LEAF AND STEM PESTS
Armyworms: In turf we can deal with either fall armyworm or just the general armyworm. These are generally minor pests, but there is the potential for large outbreaks. Mature armyworms are 1.5 to 2 inches long. They range in color from gray to yellowish green and even pink.
True armyworms have a broken stripe down the center of the back and stripes along each side. Fall armyworms have an inverted white Y on their head. When young, they skeletonize leaf blades, but once they reach full size they consume all aboveground parts of the plant.
Populations are usually kept in check by predators, pathogens and parasitoids. If you catch armyworm infestations when the caterpillars are young, halofenozide, spinosad and Bt products will provide control. Insecticide options for larger armyworms include bifenthrin, carbaryl, chlorantraniliprole, insect growth regulators (IGRs) and lambda-cyhalothrin, amongst others.
Cutworms: Cutworms are typical caterpillars, more than 1-inch long when mature. Larvae are gray to dark brown with stripes running the length of their bodies. The name cutworm is derived from their feeding habit of cutting off young plants at or near the ground line, usually overnight. During the day they tend to hide in the thatch. When found during scouting they often curl into a tight C-shape. The adults are drab moths about 1 inch in size. The forewings often have wavy light and dark brown lines.
Mowing daily and removing clippings from greens, tees and surrounds can drastically reduce populations by removing eggs. If insecticide control is needed, chlorantraniliprole, pyrethroids, spinosad and IGRs are effective.
Fiery skipper: The fiery skipper is a type of butterfly that can be damaging to bermuda as a caterpillar. It has a very distinct appearance as a larvae, it is an army green color with a pronounced, bulbous head. They build silk homes in the turf canopy and emerge from them to create 1- to 2-inch-diameter spots of damage where they have consumed the turf.
Use the drench test to assess local populations. If damage is above economic injury thresholds, then you can apply spinosad, carbaryl or products containing Bt to kill the larvae.
Tropical sod webworms: Larvae of tropical sod webworms are cream in color with distinct red-brown spots on each body segment and a red-brown head. When mature, they are about 0.5 inch long. These caterpillars usually feed at night, consuming the surface layer of the grass blade. During the day they retreat to burrows in the thatch.
Damage appears as patches of brown, ragged turf that grow gradually in size. Birds, starlings in particular, are often observed feeding on larvae of sod webworms. Control with insecticides can be achieved with bifenthrin, carbaryl, halofenozide, chlorantraniliprole or Bt.
ROOT ZONE PESTS
Phoenix and hunting billbug: Billbug larvae superficially resemble white grubs, as they are creamy white with brown heads, but billbugs are smaller and legless. As adults both Phoenix and hunting billbugs are brown-colored weevils. Weevils differ from other beetles due to their elbowed antennae and pronounced nose, or bill.
As larvae they damage turf by feeding on the upper portions of the root system. Damage appears as a general yellowing and lackluster appearance. You may also find fine sawdust-like frass building up in the turf. The tug test is the best way to see if you’re dealing with billbugs. Grasp the turf between your fingers, and if it easily comes out then you are likely dealing with billbugs.
Control can be achieved when the billbugs are young by using commercially available nematodes or insecticides like imidacloprid, chlorantraniliprole or thiamethoxam.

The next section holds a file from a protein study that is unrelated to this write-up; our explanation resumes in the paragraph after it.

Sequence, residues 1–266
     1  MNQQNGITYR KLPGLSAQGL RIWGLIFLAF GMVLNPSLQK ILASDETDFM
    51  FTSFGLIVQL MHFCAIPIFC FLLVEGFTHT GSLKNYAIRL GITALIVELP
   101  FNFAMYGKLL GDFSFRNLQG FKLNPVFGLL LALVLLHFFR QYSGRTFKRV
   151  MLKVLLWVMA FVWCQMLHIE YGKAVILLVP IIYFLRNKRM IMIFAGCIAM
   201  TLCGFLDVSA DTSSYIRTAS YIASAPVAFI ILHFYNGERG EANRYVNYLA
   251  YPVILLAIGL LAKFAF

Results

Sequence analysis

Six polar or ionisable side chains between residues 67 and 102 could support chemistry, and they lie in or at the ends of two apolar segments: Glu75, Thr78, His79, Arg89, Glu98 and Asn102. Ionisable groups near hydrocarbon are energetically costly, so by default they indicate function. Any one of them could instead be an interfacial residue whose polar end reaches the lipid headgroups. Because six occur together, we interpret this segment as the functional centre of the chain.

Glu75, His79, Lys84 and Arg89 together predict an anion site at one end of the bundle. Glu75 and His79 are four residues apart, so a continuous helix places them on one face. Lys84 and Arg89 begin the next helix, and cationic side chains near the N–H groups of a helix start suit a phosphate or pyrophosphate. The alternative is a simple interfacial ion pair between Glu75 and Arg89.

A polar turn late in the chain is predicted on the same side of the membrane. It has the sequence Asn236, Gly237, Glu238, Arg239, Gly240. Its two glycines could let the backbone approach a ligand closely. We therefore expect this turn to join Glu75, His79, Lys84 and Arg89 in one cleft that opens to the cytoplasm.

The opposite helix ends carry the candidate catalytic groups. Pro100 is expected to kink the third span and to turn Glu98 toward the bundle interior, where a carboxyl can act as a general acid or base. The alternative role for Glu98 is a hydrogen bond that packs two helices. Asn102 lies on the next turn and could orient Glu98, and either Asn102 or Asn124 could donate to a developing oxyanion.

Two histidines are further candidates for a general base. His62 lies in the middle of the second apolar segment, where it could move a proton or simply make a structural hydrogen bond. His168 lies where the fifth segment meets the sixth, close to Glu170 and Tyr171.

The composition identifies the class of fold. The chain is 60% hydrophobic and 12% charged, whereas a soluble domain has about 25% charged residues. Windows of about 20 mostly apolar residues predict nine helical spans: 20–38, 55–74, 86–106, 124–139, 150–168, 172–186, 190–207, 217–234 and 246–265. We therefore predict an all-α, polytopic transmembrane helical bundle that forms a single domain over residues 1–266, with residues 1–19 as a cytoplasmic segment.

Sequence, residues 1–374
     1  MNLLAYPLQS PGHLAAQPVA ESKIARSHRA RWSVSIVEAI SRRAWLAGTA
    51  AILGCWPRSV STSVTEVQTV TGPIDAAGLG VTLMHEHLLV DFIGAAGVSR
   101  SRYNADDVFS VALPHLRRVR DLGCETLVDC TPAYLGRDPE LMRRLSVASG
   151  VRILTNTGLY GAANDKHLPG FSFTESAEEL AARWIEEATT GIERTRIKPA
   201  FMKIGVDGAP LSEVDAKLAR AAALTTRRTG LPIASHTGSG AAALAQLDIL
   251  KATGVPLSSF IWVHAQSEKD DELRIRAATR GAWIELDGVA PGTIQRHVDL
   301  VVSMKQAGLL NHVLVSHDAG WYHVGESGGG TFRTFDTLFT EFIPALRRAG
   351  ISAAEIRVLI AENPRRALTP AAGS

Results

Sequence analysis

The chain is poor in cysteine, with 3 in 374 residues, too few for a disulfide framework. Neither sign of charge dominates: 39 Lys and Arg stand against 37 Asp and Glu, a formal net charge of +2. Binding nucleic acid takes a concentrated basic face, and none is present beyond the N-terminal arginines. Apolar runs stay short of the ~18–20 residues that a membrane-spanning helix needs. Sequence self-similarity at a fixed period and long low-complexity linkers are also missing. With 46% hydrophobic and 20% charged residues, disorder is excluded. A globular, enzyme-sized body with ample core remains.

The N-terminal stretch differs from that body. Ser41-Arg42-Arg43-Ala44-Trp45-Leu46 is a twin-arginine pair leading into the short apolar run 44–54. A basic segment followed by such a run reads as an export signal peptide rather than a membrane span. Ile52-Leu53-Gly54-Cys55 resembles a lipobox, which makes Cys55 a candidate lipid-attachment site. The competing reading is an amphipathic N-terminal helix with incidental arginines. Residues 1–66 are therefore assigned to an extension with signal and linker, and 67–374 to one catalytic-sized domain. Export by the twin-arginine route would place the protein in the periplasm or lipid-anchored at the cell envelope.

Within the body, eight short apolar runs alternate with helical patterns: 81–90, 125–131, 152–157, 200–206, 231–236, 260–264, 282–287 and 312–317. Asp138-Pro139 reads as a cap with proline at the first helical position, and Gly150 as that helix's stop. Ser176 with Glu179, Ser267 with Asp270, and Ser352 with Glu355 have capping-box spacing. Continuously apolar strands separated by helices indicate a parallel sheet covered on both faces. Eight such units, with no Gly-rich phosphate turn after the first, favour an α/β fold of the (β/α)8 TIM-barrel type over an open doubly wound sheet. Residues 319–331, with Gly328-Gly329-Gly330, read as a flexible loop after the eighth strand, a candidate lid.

White grubs: White grubs are the stereotypical root feeders that sever a sufficient number of roots to separate roots and shoots completely, creating sod that can be lifted up like a carpet. May and June beetle adults emerge from the soil in late spring, and then fly to turf and lay eggs beneath the soil surface. Seven to 10 days later, young grubs hatch and begin feeding voraciously on grass roots. They continue to feed until cool weather begins in mid-fall, when they burrow deeper into the soil. In the spring they move up towards the surface and resume feeding on roots. In late spring they transition to the pupal stage and shortly afterwards emerge as adults.
When used in spring or early summer when the grubs are young, treatments of chlorantraniliprole, imidacloprid, clothianidin, bifenthrin and others are the most effective.
Mole crickets: When growing bermuda, both the tawny and the southern mole cricket may become an issue. The tawny mole cricket is the more destructive of the two, as it feeds almost exclusively on the shoots and roots of grass, while the southern cricket is a predator. Both cause considerable damage by separating roots from turf with their tunneling. While they feed throughout the summer, damage is most noticeable from August until October, as the crickets reach adulthood.
Symptoms include pushed up turf and brown patches of dead grass. Use the soap and water mixture to sample for these pests as well as kill them as immatures. Possible insecticides include bifenthrin granules or acephate. Biological control is an option, utilizing the native Larra bicolor parasitoid wasp. By planting shrubby false buttonweed and partridge pea plants you can attract this wasp and suppress cricket populations.
Ground pearls: These scale insects attack the root zone of bermudagrass. They cover themselves in a globular, waxy layer and can be very damaging to warm-season grasses, especially in the South. Damage usually appears in summer, with the turf turning yellow in patterns resembling fairy ring. As fall approaches the turf turns brown and dies in patches, which then become infested with weeds.
Since there are no insecticides currently registered for ground pearls, prevention and proper turf care are your only control options. Always check new sod or sprigs for the pearls before planting, and try to manage turf stress as well as possible.
Jonathan L. Larson, Ph.D, is an entomologist with University of Nebraska-Lincoln Extension specializing in turf, tree, ornamental, nuisance and structural pest issues.
COVER PHOTO BY JAMES A. KALISCH